The ratification of the Declaration introduced further complications to this scenario. The rejection of parliamentary rule remained inherent because King George III was responsible for his country's human rights transgressions. The king resisted the acceptance of the colonists' legislation, dissolved their legislatures, violated their constitutions, ignored their property rights, corrupted their judiciaries, made civil authority subservient to military power, and waged war against the British Americans whom the British government was obliged to protect. The viewpoints of the drafters of the Declaration coalesced and the 'contradiction' intensified.
Ellis in his book "Founding Brothers" asserts that the circle of revolutionists were the actual leaders who truly made American history. In my opinion Ellis has thoroughly researched the background of these leaders in such depth that he is justified in asserting this opinion. But perhaps what is more convincing in my opinion is the fact that Ellis explored several different aspects of the characters of these revolutionary leaders who made "the greatest generation of political talent in American history."[Ellis 2000].
Ellis effectively establishes his arguments to support his ideas on the creation of a nation and the contribution of the leaders made to the formulation of the American ideology and Constitution. He first outlines the American nation's sentiments and need of leadership who appreciate the value of freedom of the new state yet at the same time also well aware of the lack of a political system the young America faced. Secondly he establishes the framework for the issues that the Founding Brothers faced such as slavery, civil rights issues, Federal financial problems and authority. Ellis manages to combine the roles of the founding brothers in the chapter "The Dinner," "The Duel" and in "The Silence" to demonstrate that the precarious position of the nation could only be saved by this brilliant circle of individuals. And lastly, in my opinion Ellis has attributed the personalized nature of the relationships among the founders which have spawned revolutionary ideas to support and build the American nation [Ellis 2000].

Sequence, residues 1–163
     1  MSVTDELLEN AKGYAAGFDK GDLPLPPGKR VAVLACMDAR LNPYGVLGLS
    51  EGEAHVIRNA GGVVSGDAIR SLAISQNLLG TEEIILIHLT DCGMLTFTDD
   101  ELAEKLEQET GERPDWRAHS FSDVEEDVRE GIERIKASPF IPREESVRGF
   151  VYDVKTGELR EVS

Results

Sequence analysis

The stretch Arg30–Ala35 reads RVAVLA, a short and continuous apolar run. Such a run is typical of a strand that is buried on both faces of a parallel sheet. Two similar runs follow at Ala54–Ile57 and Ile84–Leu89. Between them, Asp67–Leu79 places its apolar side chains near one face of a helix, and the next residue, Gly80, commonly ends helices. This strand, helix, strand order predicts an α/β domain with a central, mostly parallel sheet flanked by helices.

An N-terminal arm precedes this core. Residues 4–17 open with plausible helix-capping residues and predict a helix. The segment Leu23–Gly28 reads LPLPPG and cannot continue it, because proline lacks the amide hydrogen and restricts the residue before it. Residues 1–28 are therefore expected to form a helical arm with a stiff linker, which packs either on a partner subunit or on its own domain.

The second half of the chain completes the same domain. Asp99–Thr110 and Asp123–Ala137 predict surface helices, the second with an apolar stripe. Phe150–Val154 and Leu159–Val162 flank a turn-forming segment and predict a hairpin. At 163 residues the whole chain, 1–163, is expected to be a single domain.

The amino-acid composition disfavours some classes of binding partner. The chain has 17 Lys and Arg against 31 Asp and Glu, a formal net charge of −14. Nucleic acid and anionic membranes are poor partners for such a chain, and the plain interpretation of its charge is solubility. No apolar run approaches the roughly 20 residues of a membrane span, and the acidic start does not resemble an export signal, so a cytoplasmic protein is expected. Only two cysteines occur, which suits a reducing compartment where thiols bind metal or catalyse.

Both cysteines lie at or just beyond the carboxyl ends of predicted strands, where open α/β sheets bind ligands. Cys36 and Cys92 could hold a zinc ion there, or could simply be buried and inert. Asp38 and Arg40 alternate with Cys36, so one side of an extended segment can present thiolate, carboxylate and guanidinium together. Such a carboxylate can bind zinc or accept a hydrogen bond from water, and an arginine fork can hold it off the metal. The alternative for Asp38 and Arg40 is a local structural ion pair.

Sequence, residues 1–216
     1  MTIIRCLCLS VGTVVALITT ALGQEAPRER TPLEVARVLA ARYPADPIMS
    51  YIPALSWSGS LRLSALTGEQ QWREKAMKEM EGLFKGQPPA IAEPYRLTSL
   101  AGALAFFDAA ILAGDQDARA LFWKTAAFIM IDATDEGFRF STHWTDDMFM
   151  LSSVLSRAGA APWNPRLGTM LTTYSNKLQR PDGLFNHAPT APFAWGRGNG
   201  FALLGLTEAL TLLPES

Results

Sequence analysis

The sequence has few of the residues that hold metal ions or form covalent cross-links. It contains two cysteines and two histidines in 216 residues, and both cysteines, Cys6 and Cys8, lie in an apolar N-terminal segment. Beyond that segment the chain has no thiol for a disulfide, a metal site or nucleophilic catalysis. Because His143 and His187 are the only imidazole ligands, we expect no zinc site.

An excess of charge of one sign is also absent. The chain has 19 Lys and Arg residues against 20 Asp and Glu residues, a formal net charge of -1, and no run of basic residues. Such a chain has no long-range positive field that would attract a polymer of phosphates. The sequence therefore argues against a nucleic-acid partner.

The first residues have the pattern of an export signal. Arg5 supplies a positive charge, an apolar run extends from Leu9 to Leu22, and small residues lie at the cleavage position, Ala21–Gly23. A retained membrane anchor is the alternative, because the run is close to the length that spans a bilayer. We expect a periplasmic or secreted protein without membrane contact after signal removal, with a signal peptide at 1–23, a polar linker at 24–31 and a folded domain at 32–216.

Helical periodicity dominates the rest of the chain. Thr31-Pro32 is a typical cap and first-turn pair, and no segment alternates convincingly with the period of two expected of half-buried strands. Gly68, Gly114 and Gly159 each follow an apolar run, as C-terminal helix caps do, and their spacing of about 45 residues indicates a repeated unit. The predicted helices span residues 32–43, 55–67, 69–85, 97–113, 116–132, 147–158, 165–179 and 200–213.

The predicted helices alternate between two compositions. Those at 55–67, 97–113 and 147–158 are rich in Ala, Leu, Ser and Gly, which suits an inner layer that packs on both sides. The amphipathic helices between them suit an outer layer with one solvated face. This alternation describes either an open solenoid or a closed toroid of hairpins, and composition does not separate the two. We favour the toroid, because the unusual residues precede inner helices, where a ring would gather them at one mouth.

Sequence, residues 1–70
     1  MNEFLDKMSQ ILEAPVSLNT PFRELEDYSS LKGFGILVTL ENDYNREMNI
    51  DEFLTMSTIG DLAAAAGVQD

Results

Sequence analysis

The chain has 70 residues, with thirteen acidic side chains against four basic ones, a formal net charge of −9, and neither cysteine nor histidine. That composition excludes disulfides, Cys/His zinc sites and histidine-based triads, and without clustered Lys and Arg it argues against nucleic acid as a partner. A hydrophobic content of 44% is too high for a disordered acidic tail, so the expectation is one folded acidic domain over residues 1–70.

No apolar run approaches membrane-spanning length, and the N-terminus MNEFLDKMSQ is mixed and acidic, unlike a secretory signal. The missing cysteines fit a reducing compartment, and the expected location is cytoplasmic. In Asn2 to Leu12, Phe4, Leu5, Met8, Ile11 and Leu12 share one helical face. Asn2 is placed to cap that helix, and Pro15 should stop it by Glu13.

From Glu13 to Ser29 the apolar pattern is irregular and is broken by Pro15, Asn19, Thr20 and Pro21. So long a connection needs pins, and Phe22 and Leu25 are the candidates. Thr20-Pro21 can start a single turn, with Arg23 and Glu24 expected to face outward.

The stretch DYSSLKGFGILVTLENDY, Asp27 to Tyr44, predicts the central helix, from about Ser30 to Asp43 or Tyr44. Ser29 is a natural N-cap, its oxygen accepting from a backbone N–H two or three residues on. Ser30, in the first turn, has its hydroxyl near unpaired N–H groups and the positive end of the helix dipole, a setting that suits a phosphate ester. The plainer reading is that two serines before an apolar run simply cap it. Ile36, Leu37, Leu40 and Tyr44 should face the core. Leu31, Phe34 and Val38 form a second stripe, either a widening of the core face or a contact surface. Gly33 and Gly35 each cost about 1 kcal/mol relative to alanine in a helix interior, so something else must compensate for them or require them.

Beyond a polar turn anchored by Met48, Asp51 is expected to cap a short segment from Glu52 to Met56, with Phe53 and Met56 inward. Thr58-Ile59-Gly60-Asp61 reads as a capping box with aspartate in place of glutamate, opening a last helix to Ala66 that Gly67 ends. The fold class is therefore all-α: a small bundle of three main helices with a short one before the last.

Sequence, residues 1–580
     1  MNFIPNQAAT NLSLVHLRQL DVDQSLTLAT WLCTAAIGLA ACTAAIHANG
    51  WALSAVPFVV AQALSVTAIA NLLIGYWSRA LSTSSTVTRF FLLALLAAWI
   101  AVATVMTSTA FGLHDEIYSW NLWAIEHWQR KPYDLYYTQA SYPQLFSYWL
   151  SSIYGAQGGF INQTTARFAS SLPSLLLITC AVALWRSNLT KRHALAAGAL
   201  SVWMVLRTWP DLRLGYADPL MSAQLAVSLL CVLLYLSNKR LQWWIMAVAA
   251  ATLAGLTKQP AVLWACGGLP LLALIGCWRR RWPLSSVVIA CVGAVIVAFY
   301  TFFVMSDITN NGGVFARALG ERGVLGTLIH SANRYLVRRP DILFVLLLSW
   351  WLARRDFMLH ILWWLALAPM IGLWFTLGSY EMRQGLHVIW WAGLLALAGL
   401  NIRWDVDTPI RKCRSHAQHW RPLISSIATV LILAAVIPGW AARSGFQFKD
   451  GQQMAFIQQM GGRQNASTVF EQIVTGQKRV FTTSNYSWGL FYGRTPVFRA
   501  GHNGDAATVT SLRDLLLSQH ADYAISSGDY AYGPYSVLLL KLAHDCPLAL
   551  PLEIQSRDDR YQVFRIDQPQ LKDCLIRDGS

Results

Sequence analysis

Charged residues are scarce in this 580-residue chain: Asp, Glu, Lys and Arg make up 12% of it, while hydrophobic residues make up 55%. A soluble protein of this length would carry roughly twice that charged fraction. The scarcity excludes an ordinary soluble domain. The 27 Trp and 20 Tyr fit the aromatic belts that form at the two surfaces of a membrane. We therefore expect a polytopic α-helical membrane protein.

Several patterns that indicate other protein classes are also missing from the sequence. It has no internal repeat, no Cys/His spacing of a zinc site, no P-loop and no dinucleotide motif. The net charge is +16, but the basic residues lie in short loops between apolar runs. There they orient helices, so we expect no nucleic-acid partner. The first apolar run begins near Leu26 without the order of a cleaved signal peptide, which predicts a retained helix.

Ellis in his arguments emphasize on the lack of the checks and balances in the young America's political structure that did deteriorated the trust among the public. Policies pertaining to legal, constitution and institutional were in the process of being developed; the founding brothers' contribution stems from the fact that they understood these needs and through their social, political and economical perspectives offered different visions and values rooted in the personality and characters of the idealists. George Washington, James Madison, Benjamin Franklin, Thomas Jefferson as well as Samuel Adams all greatly contributed successfully in the making of America because of their personality as well as leadership and not because they were great thinkers. The initiatives they took in informing the public had a catalytic effect but it had been these individuals' combined efforts which had left a great impact on the public and the American political system [Ellis 2000].
In my opinion however, Thomas Jefferson among the group should be considered the leader among leaders. Although Jefferson is considered to be a simple among them all, he is focused in his visions and goals. It has been because of his secretive nature and manipulative skills that enabled him to go around his opponents with the least possible oppositions. In the course of his career managed to grasp the practical reality of the situation of the political scenario of America; and resolve it by laying…[continue]